Oh. Thinking back now. They were German Shepherds. I never realized that til this second.

Okay. Well anyway, I used to entertain my German friends by conjugating verbs. (Yeah, I was a laugh a minute.) But I would take irregular verbs, and conjugate them like regular verbs. And they thought that was hilarious.

A lexicon for a character, Elizabeth? Huh. NO, but tell us more.

Susannah C said...

Great thread, and nice to "meet" Elizabeth Lyon!

To the question at hand: I do have a lexicon of sorts for my dog in the book I'm currently working on, based on how I translate what she's telling me nonverbally. I'm going for a verbal echo of the nonverbal signal.

(She's a search-and-rescue dog, so a lexicon becomes important to the reader--so he or she can ideally begin to interpret the dog as the book progresses.) Is that pretty much what you mean?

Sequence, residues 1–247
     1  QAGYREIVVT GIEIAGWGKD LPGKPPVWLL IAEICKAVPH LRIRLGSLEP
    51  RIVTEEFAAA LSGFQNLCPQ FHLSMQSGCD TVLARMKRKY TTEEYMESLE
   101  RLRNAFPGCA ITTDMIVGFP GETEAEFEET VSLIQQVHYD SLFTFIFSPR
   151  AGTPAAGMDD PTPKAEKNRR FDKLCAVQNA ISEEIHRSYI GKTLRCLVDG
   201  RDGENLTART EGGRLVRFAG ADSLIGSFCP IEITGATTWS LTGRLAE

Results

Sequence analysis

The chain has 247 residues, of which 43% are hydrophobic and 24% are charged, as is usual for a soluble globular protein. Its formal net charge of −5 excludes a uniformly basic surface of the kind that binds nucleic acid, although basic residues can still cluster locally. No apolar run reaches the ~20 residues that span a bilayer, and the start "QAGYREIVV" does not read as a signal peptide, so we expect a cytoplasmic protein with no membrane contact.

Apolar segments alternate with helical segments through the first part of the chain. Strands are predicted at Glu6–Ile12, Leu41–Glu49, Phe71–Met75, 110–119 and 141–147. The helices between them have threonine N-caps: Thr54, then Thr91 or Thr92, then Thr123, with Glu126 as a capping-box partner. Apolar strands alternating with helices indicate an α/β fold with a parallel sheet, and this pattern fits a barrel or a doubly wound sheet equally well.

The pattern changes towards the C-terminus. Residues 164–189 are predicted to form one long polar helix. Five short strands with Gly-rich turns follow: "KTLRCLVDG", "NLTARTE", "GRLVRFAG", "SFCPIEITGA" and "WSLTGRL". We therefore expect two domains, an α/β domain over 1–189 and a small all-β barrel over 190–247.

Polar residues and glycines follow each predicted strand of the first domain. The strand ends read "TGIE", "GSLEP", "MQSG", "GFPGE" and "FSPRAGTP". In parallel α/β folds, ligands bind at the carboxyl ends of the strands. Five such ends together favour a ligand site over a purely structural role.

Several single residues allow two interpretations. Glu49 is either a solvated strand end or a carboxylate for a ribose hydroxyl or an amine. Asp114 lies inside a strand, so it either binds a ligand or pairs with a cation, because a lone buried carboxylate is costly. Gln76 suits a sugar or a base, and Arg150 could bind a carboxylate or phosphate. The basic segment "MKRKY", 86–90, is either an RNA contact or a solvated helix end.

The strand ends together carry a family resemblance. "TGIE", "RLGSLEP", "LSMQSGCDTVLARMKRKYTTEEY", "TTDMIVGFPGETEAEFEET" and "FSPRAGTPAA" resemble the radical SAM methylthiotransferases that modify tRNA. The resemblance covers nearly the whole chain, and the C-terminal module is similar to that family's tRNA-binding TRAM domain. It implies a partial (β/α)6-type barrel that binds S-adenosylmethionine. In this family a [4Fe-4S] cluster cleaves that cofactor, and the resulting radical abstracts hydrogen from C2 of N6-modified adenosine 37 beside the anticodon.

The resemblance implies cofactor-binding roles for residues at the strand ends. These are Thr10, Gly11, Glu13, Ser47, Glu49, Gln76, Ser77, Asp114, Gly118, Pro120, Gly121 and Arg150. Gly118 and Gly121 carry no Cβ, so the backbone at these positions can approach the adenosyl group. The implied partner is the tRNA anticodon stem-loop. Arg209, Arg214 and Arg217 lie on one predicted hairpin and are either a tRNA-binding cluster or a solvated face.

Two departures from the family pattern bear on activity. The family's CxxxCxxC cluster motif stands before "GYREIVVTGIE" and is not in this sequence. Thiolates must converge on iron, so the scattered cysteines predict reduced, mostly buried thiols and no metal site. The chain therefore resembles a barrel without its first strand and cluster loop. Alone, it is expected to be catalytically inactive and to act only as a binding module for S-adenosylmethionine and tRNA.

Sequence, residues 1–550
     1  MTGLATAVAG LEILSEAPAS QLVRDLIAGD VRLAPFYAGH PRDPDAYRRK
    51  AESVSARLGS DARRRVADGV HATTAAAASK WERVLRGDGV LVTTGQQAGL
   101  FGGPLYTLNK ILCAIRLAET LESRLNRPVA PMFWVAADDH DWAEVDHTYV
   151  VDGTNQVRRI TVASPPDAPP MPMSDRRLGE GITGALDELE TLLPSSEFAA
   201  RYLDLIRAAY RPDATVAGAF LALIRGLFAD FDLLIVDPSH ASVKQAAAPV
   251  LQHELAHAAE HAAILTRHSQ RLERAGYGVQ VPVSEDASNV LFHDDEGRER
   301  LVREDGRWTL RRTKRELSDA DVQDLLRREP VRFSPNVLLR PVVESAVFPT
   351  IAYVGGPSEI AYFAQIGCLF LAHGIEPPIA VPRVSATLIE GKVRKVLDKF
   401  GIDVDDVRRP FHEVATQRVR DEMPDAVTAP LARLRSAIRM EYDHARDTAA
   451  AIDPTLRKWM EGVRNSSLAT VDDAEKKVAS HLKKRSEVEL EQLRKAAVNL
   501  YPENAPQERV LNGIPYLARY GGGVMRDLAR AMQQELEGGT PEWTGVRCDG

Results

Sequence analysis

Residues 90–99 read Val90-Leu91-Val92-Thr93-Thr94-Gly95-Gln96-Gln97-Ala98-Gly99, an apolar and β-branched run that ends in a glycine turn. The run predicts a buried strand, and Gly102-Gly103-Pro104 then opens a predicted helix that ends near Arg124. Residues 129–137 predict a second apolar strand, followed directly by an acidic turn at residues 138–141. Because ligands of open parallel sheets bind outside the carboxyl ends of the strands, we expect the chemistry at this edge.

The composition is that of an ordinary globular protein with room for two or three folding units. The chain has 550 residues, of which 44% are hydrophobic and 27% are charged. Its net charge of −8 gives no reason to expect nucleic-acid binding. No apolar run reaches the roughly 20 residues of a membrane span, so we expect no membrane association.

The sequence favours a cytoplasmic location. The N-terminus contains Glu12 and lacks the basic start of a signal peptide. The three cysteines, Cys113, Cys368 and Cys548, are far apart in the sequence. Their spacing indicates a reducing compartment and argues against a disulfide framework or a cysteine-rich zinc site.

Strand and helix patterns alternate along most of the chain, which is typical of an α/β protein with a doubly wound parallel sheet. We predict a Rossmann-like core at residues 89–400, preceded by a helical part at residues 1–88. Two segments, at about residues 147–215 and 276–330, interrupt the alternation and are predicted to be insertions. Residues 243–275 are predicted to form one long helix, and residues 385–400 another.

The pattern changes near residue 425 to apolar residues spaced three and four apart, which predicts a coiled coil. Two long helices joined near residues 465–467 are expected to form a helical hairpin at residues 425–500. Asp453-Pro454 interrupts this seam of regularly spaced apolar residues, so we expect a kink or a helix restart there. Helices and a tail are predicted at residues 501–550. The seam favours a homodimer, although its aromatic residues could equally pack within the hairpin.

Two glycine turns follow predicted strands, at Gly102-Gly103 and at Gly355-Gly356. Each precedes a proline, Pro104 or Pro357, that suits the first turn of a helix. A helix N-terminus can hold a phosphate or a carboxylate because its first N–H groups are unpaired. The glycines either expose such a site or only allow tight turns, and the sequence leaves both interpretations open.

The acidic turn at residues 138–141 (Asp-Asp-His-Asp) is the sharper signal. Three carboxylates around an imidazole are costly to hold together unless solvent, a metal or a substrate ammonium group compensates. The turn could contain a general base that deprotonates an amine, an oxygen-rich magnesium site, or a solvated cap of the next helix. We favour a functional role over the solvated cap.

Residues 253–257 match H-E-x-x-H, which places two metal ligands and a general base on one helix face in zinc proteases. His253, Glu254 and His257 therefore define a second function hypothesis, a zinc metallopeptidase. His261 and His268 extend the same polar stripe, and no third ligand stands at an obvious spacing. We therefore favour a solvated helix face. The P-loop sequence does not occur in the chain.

By the way, Hank, I was in an MD-80 on a 'gate hold' at Logan when that storm passed through today. We had to wait a loooooong time for pushback.

Elizabeth Lyon said...

Ava--hello. I would add to Roberta's advice that a good place to start is to read a lot of mysteries and notice what kind of mysteries you most like to read. Chances are that is the kind to try to write.

Also, depending upon your personality, either make some sort of outline that looks like a reasonable crime, sleuth, clues, and criminal, or just start writing to get a feeling for the joy of writing fiction. Then get back to me!

Elizabeth Lyon said...

Susannah C--your description of keeping track of and developing the language and translation for your dog character is definitely what I mean by a lexicon.

Extending that idea, I advocate building word lists, i.e. a dictionary/lexicon, for every main character, especially paying attention to character-defining words. Some of those will be metaphoric, based on the natural words and phrases that reflect the character's values, origins, work, and hobbies, plus more. Then you can more easily build similes and create a consistently authentic voice.